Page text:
After experiencing first-hand what it was like to renovate his home and fit it out with energy saving measures, Richard Crume looks at Builders of Hope: a project that aims to supply low-income families with energy-efficient rehabilitated homes.
If you have ever had the opportunity to renovate an old house, as my wife and I did, you know that incorporating energy-efficient features can be expensive and time-consuming. Lacking any plumbing or electricity, and with exterior doors and windows missing and insulation totally absent, our Civil War-era house presented some unique challenges. Because our purchase price was low (no one else wanted the house), we were able to insulate, tighten up the structure, and incorporate efficient windows and appliances without breaking the bank.
While our house may have been a unique case, there are tens of thousands of old, abandoned homes scattered across America that are suitable for renovation. Unfortunately, many of these structures are demolished every year due to highway construction and urban renewal projects, and developers often find it simpler to tear down old homes than to bring them up to code with the latest energy-saving devices.
Can anything be done to save these old structures? Builders of Hope founder Nancy Welsh thinks so. Several years ago, Welsh had an idea – what if she could purchase old houses at little or no cost, move them to urban neighborhood settings, and create energy-efficient rehabilitated homes for low-income families who otherwise could not afford to rent or buy? Since then, Welsh’s idea has blossomed into a national organization with many renovated homes and several rejuvenated neighborhoods to its credit.
At the same time, Welsh has diversified the Builders of Hope organization by adding programs aimed at creating green communities, temporary housing for veterans receiving medical care, and jobs for the homeless, ex-offenders, and at-risk youth. Welsh likes to say that Builders of Hope “sustainably revitalizes at-risk communities – one home, one family, one life at a time.”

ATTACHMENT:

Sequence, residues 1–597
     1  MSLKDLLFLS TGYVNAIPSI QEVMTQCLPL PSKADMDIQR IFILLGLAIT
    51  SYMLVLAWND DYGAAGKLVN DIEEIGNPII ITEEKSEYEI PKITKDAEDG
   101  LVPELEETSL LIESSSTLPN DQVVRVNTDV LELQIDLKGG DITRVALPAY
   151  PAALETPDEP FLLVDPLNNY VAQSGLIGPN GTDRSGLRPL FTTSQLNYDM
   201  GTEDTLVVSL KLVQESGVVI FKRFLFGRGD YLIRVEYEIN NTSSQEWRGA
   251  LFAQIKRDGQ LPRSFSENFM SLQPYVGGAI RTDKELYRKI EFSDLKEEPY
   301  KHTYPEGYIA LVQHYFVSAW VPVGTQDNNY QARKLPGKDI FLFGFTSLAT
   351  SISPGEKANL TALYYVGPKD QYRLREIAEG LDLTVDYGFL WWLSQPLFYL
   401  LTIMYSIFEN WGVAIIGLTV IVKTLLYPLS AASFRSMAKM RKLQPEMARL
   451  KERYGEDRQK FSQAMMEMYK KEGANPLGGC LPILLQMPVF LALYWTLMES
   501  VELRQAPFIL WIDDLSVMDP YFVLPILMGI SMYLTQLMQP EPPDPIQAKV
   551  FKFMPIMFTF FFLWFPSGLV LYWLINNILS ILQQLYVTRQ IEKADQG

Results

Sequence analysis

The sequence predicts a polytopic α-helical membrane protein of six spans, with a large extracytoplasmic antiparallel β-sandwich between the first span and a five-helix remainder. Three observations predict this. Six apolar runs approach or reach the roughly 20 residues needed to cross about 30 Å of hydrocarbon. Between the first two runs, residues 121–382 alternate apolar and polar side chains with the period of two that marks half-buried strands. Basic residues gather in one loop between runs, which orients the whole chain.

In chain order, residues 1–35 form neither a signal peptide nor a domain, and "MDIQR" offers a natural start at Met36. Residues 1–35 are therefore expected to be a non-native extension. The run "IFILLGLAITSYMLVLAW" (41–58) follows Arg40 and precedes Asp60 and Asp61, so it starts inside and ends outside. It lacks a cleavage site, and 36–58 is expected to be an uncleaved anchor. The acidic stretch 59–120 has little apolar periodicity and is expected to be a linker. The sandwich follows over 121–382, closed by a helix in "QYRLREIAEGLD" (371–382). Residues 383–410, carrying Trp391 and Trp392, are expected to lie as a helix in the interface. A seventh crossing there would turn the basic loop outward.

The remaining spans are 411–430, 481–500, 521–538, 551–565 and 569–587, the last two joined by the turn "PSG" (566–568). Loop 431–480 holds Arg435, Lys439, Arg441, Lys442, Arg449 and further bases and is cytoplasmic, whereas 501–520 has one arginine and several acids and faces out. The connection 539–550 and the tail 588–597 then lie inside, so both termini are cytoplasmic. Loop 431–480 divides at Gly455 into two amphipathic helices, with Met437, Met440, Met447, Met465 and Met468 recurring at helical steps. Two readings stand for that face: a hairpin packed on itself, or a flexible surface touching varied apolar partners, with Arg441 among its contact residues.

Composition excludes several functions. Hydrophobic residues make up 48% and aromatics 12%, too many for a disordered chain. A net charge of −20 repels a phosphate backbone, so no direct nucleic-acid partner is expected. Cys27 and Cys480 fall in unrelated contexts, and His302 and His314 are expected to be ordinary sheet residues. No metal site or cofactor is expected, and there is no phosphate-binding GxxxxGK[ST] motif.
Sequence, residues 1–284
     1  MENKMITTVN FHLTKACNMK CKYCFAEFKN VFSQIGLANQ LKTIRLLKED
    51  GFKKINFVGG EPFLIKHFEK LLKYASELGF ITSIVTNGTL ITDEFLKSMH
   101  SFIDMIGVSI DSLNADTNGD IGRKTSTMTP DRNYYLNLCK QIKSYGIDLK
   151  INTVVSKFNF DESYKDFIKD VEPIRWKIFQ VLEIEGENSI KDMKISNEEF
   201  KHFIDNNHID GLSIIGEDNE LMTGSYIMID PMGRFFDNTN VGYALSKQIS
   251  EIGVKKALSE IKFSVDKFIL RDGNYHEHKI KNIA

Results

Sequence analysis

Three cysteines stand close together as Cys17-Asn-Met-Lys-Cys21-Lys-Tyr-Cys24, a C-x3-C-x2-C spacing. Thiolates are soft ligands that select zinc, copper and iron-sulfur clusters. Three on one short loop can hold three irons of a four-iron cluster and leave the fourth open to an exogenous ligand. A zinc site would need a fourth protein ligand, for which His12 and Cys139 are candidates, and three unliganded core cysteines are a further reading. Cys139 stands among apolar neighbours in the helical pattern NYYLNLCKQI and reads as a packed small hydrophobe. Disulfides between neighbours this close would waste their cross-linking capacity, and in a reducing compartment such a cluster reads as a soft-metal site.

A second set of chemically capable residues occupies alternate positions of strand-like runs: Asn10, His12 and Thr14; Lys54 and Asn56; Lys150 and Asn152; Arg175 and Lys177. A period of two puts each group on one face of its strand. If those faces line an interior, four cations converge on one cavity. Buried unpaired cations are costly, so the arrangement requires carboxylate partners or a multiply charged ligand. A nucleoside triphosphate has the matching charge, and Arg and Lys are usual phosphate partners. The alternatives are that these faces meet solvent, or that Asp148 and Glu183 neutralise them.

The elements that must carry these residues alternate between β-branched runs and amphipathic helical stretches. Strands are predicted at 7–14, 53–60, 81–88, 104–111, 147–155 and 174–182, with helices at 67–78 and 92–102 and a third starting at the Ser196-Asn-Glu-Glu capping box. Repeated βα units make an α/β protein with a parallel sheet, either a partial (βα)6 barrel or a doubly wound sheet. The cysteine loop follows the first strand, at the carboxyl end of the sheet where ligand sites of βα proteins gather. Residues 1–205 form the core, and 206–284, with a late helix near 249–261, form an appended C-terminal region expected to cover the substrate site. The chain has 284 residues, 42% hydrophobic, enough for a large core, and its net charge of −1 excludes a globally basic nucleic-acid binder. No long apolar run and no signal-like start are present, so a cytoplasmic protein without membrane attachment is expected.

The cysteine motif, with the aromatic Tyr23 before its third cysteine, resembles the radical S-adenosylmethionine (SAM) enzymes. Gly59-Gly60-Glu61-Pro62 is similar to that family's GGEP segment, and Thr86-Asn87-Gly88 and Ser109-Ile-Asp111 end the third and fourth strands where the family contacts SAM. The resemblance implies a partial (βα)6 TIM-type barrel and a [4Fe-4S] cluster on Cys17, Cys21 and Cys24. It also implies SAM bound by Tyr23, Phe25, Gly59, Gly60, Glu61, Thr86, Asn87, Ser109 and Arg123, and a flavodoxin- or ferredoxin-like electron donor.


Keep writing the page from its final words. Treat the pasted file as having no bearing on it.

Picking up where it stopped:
Durham, North Carolina, duplex before rehabilitation
Same duplex after rehabilitation
Currently, Builders of Hope is dividing its efforts among the following five programs:
Extreme Green Rehabilitation: A patent-pending rehabilitation program covering home assessment, site selection, relocation, construction debris management, and reconstruction using green technologies and materials.
Ecological Communities: The creation of safe, affordable, and energy-efficient neighborhoods for low- to middle-income workers who would otherwise have difficulty finding housing.
Hope Works: Employment and on-the-job training in the field of green construction for the homeless, ex-offenders, and at-risk youth.
Veteran Housing: Rehabilitated housing units close to U.S. Department of Veterans Affairs hospitals and medical facilities that are made available to military veterans and their families at an affordable rent.
Upcycle REO Program: Real estate owned (REO) property (typically held by a bank, government agency, or government loan insurer) that is converted to energy efficient and healthy housing and rented to working and low-income families.
While each rehab is unique, Builders of Hope strives to incorporate green technologies wherever possible. Some typical green features include:
Southern orientation for passive solar heating
Spray foam insulation
Energy Star appliances
Low VOC materials and sealants
Non-toxic glues and paints
Drought tolerant landscaping
New residents are educated about the green features of their new homes and how to conserve energy. For many middle- and low-income families, struggling to make ends meet, every dollar saved on their utility bills can be put to good use.
To learn more about Builders of Hope, see my feature article in the July/August issue of Solar Today Magazine.